Applications for FE loans were down in 2016/17 for all age-groups they were available to in previous years.
The total number of applications “received” increased marginally from 80,650 in 2015/16, to 93,660 for 2016/17, according to latest figures published by the Department for Education this morning.
However, this is taking into account 21,240 from 19 to 23-year-olds, who were able to apply for FE loans for the first time from August last year.
All other age groups were down.
The 2016/17 figure for 24 to 30-year-olds was 27,260 – down 12 per cent from 31,060 the previous academic year.
The corresponding drops were 8 per cent for 31 to 40-year-olds (from 28,470 to 26,110); 10 per cent for 41 to 50-year-olds (from 15,650 to 14,040); and 8 per cent for those aged 50-plus (from 5,450 to 4,990).
Mark Dawe, Association of Employment and Learning Providers’ boss, said the fall in applications was linked to new restrictions on loans-funded provision.
The new limits, which include a ban on subcontracted loans provision and growth caps, were brought in by the Education and Skills Funding Agency in 2016/17 following a series of scandals – exposed by FE Week – in which loans-funded learners were left with massive debts but no courses after their providers, including John Frank Training, Edudo Ltd and Focus Training and Development Ltd, went bust.
“Some independent providers can and want to deliver more loans-funded learning but growth is capped,” Mr Dawe said today, a situation that he described as “unfortunate, although we understand the reasons for the agency’s caution”.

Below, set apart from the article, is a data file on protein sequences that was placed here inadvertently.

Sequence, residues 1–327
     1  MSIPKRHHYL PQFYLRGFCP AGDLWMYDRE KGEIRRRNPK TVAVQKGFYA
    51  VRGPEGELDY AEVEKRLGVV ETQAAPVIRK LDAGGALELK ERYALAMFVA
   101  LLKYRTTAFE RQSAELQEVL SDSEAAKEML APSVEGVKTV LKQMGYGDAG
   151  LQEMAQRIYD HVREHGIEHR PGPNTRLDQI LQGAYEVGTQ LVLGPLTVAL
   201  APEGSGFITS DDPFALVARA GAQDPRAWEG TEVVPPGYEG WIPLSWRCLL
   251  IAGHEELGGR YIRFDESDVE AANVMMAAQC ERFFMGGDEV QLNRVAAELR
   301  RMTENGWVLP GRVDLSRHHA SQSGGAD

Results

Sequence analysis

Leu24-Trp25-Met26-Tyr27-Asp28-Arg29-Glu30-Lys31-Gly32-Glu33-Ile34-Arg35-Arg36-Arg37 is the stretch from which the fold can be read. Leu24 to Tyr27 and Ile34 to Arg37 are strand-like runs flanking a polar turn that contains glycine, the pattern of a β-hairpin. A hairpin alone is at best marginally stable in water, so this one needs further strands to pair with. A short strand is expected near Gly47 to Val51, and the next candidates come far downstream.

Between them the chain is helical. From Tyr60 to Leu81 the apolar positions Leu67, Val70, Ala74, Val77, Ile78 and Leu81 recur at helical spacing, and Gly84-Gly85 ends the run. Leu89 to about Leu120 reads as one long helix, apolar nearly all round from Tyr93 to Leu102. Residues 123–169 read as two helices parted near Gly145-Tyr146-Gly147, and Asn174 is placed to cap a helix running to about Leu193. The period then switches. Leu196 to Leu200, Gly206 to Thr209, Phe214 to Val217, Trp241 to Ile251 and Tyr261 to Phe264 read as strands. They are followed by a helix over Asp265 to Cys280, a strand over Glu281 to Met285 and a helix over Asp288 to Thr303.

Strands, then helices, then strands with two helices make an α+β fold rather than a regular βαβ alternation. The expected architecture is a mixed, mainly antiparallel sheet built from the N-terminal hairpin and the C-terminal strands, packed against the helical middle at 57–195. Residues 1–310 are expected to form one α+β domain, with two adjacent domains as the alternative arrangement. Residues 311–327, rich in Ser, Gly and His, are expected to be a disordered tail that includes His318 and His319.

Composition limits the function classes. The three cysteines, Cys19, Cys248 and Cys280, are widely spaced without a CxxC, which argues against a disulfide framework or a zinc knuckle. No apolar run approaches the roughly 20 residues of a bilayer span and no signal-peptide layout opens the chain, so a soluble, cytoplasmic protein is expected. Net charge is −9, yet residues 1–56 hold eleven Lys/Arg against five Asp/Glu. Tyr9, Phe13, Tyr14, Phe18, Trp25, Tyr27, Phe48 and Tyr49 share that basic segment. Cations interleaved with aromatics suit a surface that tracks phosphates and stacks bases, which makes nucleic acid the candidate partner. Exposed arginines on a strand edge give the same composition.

“But even more important and concerning is that the requirements on new entrants gaining access to the loans market are very tight and AELP would like to see them reviewed,” he added.
It comes after FE Week revealed last month, through a freedom of information response, that a massive 58 per cent of FE loans funding – amounting to almost £1 billion – had not been spent since 2013.
The Student Loans Company, which processes advanced learner loans for the government, revealed that only £652 million in loan-funded provision had actually been delivered since 2013, compared to £1.56 billion in allocations.
FE loans, originally known as 24+ loans, were introduced in 2013/14 for learners studying courses at levels three or four and aged 24 and older.
Their introduction corresponded with a fall in adults studying at levels three and four+, from 273,400 in 2012/13 to 195,200 in 2013/14, according to the DfE’s own statistics.
That number had fallen further still, to 169,400 by 2015/16.
Yet loan eligibility was expanded in 2016/17 to include 19- to 23-year-olds, and courses at levels five and six.
FE Week asked the DfE if it was concerned about the fall in applications for all 24+ age groups. In response, a spokesperson said: “Advanced learner loans are available to thousands of adults wishing to retrain, helping them to meet upfront fees and removing one of the main barriers to learning.
“It is vital we build the skilled workforce that business and the country needs to ensure we can compete across the world and adult education is part of this. We will continue to work with colleges and training providers to raise the profile of advanced learner loans.”
Loan applications received by the DfE from 2014/15 to 20167/17 (according to official government statistics):